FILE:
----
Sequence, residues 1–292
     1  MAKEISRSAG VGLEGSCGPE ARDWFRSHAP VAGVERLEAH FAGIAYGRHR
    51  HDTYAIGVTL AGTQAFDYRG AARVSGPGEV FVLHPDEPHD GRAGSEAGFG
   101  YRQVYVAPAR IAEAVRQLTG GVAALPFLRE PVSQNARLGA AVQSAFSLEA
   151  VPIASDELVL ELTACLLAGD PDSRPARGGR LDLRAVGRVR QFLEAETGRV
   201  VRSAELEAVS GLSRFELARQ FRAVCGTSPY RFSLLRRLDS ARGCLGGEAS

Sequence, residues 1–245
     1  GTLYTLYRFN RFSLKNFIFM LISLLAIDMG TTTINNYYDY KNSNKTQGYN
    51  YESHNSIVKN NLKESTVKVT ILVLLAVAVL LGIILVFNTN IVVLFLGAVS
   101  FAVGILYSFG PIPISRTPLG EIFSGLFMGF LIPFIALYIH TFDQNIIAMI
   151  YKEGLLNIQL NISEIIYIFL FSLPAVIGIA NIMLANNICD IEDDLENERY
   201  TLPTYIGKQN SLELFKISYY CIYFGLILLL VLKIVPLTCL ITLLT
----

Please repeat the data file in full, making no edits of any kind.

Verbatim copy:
Sequence, residues 1–292
     1  MAKEISRSAG VGLEGSCGPE ARDWFRSHAP VAGVERLEAH FAGIAYGRHR
    51  HDTYAIGVTL AGTQAFDYRG AARVSGPGEV FVLHPDEPHD GRAGSEAGFG
   101  YRQVYVAPAR IAEAVRQLTG GVAALPFLRE PVSQNARLGA AVQSAFSLEA
   151  VPIASDELVL ELTACLLAGD PDSRPARGGR LDLRAVGRVR QFLEAETGRV
   201  VRSAELEAVS GLSRFELARQ FRAVCGTSPY RFSLLRRLDS ARGCLGGEAS

Sequence, residues 1–245
     1  GTLYTLYRFN RFSLKNFIFM LISLLAIDMG TTTINNYYDY KNSNKTQGYN
    51  YESHNSIVKN NLKESTVKVT ILVLLAVAVL LGIILVFNTN IVVLFLGAVS
   101  FAVGILYSFG PIPISRTPLG EIFSGLFMGF LIPFIALYIH TFDQNIIAMI
   151  YKEGLLNIQL NISEIIYIFL FSLPAVIGIA NIMLANNICD IEDDLENERY
   201  TLPTYIGKQN SLELFKISYY CIYFGLILLL VLKIVPLTCL ITLLT